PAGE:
Chicago Blackhawks left wing Brandon Saad (20) advances against the Florida Panthers during the second period of an NHL hockey game on Sunday, Dec. 8, 2013, in Chicago, Ill. (AP Photo/Andrew A. Nelles)
When the roster for the United States men’s Olympic hockey team was announced on Wednesday afternoon at the Winter Classic, the list was full of the usual suspects of American hockey. Patrick Kane, Zach Parise, Jonathan Quick, and Ryan Suter all made the team, but the absence of Chicago Blackhawks forward Brandon Saad’s name caused a bit of an uproar.
Saad, whose 14 goals and 16 assists definitely caught the eye of team General Manager David Poile and company, was not one of the 14 forwards who will be travelling to Sochi in February. Instead, Team USA is largely comprised of guys who are experienced hands, willing to take the occasional risk but largely disciplined, and Saad simply didn’t fit the bill of the type of player that the management team was looking for.
But did the USA brass make the right call? One prominent figure in the Blackhawks’ organization didn’t seem to think so. Blackhawks consultant (and GM Stan Bowman’s father) Scotty Bowman, who was in Detroit for the Winter Classic festivities, tweeted his displeasure about Saad’s absence from the team on Wednesday evening:
I am disappointed Brandon Saad not on USA Olympic Team Coach Q has really developed him into a solid 2 Way Player who will be on future team
— scott bowman (@coachwsb) January 2, 2014
On the surface, it would appear that Bowman has a valid point. Saad not only has proven that he is a lightning-quick skater with great hands and ice awareness, but as Bowman correctly points out, has also really taken to the requirements of head coach Joel Quenneville that he play hard on both sides of the ice. Saad has gone from a non-entity to a key component of the Hawks’ back-checking game, and he has quickly become a very good defensive forward.
Despite these steps forward, Team USA opted not to carry Saad on their roster, but judging by some of the comments that various executives made about Saad, he could be just a phone call away from joining the team in Sochi. Here are a couple of those quotes, courtesy of a brilliant story by ESPN’s Scott Burnside about the making of Team USA:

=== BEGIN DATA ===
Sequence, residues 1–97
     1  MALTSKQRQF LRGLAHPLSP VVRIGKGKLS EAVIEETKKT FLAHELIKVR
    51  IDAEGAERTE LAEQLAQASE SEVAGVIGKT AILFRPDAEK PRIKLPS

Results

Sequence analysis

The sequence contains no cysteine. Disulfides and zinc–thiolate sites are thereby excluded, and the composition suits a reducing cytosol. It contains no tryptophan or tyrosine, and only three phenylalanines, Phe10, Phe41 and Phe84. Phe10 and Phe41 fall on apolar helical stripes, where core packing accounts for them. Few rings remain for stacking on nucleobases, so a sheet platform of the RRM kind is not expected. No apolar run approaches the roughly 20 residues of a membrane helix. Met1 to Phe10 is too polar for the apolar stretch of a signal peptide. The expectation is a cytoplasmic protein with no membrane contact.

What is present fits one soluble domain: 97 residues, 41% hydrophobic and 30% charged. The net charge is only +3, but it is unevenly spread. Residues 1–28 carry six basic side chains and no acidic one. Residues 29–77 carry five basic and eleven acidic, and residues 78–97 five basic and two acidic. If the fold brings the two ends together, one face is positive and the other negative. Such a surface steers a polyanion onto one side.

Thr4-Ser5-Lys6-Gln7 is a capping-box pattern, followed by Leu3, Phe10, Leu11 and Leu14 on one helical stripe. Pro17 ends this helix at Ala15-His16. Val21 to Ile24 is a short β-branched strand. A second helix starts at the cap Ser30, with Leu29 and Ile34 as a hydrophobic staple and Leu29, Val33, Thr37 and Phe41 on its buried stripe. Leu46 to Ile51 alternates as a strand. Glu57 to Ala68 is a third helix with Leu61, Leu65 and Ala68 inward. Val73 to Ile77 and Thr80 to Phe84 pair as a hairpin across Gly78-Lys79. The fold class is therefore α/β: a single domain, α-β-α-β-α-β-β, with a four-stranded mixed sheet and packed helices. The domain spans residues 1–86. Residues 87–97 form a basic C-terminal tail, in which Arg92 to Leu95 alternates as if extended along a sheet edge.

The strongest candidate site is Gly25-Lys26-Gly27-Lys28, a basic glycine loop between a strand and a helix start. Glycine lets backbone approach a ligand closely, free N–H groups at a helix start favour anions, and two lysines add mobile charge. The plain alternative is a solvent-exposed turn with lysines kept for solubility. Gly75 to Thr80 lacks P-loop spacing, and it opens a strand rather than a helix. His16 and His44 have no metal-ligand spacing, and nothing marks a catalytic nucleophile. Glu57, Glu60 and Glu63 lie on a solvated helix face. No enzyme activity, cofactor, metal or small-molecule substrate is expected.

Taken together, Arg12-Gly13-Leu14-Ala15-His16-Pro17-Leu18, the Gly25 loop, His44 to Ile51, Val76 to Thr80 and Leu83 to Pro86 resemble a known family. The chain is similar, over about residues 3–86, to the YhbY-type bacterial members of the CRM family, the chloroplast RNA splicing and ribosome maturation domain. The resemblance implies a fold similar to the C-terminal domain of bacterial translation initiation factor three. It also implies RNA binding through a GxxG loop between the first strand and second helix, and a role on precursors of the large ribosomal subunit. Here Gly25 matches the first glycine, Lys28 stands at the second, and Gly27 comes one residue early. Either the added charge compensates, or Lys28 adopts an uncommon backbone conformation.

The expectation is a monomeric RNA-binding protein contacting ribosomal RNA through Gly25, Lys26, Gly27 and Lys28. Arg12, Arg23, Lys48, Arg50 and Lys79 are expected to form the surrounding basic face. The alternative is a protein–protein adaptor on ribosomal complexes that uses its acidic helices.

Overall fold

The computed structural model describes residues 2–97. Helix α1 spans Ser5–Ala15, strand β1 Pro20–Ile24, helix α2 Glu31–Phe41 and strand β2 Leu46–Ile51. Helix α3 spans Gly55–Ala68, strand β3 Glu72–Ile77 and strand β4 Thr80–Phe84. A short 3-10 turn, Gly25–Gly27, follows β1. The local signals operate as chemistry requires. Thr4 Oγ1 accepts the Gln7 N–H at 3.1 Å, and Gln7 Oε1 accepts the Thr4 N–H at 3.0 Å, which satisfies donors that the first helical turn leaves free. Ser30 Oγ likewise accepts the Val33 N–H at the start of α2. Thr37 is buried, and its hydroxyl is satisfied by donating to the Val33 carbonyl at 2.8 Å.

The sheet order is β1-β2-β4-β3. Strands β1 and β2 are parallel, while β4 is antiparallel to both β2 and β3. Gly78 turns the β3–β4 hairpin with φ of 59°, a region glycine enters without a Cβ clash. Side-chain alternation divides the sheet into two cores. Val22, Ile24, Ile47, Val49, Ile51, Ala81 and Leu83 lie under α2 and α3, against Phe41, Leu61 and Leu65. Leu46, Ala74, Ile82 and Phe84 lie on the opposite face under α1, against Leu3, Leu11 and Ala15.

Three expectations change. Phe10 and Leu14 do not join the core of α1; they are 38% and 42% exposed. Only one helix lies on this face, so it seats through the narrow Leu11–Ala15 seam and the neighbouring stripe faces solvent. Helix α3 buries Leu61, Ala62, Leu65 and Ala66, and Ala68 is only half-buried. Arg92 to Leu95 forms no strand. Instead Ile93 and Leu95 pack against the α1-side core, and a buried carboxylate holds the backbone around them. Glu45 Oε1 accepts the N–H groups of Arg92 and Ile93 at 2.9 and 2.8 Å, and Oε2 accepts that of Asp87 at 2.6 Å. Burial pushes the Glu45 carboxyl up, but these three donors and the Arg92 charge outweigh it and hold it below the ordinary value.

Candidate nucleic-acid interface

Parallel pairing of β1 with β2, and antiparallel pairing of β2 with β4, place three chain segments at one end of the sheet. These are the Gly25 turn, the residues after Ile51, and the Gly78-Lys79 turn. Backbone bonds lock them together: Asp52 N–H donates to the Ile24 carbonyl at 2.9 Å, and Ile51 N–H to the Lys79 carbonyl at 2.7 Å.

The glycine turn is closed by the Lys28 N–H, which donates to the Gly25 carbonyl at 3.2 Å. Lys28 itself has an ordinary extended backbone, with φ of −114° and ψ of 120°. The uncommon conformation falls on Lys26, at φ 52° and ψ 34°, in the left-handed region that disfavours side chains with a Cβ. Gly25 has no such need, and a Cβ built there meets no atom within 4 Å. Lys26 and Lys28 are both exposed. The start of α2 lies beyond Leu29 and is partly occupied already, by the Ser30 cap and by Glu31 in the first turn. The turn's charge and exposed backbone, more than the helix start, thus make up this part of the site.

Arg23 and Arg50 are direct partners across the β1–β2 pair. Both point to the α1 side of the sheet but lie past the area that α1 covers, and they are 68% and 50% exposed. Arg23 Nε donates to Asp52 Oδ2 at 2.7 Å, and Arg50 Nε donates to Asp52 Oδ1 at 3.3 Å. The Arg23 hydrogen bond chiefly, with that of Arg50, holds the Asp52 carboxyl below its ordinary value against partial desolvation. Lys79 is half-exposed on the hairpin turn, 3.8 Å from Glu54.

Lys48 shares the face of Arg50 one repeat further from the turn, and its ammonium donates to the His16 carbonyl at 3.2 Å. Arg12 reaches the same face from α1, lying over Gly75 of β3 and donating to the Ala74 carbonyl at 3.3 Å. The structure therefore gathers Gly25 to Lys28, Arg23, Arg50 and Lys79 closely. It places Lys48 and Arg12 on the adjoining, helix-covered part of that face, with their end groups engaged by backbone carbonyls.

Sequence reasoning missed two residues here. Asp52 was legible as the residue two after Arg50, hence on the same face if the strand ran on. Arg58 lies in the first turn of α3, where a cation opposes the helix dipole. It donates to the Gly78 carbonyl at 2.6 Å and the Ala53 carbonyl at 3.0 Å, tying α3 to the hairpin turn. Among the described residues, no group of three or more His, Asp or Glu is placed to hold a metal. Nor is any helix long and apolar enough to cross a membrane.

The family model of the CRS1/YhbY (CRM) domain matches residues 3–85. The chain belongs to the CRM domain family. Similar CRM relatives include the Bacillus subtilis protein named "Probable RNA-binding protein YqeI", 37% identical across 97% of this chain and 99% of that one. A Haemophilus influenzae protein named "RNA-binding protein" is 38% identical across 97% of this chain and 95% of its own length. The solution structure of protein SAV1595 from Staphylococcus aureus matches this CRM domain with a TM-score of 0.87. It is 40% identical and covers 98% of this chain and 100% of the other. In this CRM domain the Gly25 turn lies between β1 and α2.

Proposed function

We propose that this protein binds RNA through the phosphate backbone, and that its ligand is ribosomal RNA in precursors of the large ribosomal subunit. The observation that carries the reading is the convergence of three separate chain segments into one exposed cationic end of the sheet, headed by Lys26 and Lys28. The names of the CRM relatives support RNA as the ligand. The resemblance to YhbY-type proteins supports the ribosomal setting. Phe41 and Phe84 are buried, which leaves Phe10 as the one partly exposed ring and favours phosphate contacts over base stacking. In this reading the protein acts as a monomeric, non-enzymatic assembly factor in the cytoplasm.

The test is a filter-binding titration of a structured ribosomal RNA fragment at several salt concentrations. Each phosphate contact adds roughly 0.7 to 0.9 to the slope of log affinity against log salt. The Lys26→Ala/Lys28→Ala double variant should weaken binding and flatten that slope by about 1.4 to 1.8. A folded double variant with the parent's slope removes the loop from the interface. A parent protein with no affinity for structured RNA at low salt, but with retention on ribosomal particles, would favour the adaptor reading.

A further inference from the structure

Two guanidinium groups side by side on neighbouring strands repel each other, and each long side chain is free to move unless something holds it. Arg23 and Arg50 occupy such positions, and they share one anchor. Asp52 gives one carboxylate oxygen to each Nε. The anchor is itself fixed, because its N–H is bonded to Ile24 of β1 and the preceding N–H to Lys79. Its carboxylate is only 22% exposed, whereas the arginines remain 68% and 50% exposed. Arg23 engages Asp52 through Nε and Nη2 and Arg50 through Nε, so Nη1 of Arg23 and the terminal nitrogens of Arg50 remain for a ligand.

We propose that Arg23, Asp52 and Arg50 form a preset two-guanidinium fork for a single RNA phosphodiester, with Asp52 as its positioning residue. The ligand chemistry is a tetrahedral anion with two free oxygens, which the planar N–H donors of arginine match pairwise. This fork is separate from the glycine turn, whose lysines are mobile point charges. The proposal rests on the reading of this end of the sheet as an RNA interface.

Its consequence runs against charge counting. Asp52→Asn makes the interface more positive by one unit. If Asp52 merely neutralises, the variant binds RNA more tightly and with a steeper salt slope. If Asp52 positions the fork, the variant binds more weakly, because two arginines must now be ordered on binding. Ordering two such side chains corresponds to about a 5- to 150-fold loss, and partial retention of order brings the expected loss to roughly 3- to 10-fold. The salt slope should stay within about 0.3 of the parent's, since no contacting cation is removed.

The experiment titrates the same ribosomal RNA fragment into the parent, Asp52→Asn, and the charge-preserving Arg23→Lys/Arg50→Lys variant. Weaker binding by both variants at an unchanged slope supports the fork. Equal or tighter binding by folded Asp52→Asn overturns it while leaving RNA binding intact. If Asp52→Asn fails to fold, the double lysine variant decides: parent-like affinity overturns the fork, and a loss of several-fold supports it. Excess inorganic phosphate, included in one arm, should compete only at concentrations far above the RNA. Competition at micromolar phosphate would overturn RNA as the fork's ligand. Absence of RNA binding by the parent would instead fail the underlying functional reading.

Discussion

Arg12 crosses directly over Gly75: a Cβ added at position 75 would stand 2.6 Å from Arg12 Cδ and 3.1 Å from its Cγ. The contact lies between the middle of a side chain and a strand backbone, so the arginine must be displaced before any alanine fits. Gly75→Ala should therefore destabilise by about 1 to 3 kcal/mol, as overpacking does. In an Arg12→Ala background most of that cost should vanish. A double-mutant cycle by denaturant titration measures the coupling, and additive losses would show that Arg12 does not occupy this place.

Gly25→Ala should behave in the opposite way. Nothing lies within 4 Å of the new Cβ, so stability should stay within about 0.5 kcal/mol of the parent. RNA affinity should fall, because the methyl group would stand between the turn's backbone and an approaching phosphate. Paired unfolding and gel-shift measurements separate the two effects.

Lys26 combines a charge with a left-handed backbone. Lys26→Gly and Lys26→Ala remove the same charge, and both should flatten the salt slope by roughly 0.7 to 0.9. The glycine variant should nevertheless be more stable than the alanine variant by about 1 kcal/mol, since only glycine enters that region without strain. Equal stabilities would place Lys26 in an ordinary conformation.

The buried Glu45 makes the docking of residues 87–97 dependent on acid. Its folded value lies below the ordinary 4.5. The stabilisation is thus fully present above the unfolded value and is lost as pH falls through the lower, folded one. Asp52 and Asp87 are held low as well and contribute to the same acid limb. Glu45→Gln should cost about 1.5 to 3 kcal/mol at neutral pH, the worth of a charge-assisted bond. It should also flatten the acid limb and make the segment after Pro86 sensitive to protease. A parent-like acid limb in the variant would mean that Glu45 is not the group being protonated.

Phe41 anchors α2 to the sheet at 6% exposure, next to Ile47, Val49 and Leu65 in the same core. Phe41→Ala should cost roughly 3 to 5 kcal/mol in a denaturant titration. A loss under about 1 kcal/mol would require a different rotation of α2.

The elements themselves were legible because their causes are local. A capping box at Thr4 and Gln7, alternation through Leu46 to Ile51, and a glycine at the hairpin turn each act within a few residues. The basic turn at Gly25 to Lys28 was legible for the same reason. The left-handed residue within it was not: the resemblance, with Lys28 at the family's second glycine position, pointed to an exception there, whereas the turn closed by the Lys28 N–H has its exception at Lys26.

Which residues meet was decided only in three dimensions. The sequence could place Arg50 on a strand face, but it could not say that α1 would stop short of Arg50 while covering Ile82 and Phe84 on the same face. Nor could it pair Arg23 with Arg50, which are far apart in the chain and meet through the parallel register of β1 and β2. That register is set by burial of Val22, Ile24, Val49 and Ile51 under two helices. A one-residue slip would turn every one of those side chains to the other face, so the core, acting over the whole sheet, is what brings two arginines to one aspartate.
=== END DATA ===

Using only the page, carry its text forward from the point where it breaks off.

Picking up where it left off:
“As he has throughout, (Stan) Bowman speaks on behalf of his player, Saad.
‘I think he’s a more versatile player than (TJ) Oshie,’ Bowman says.
‘I think he’s got more to his game than Oshie. He’s like a young version of [Marian] Hossa. He’s such a strong guy. He’s just hard to handle. He’s smart. He’s a guy the coaches would love,’ the Chicago GM says.”
Burnside also revealed some of the thought process that Calgary Flames President Brian Burke went through in deciding not to vote for Saad:
“Oshie and Saad are “fix-it” kind of guys. They can play up and down the lineup and do different things, while (Blake) Wheeler brings size and, more importantly, speed. If (Bobby) Ryan is out, then Wheeler is seen as a must to fill that offensive void.
“If the group were to decide, it would be Wheeler and Saad, although (Brian) Burke brings up the point that the coaches really like Oshie, and the coaching staff hasn’t asked for much in terms of demanding certain players. Given that, Burke would likely vote Wheeler and Oshie but like the defense group, he predicts injuries will see both Oshie and Saad in Sochi when the dust clears by early February.”
Burnside eventually goes on to say that Saad was “achingly close” to the final roster spot on the team, so if any of the guys who were named to the Olympic roster are unable to go, then Saad very well could go, as he seems to have the backing of several league GM’s, even though it was the decision of Pittsburgh Penguins (and Team USA) head coach Dan Bylsma to go with Oshie over him.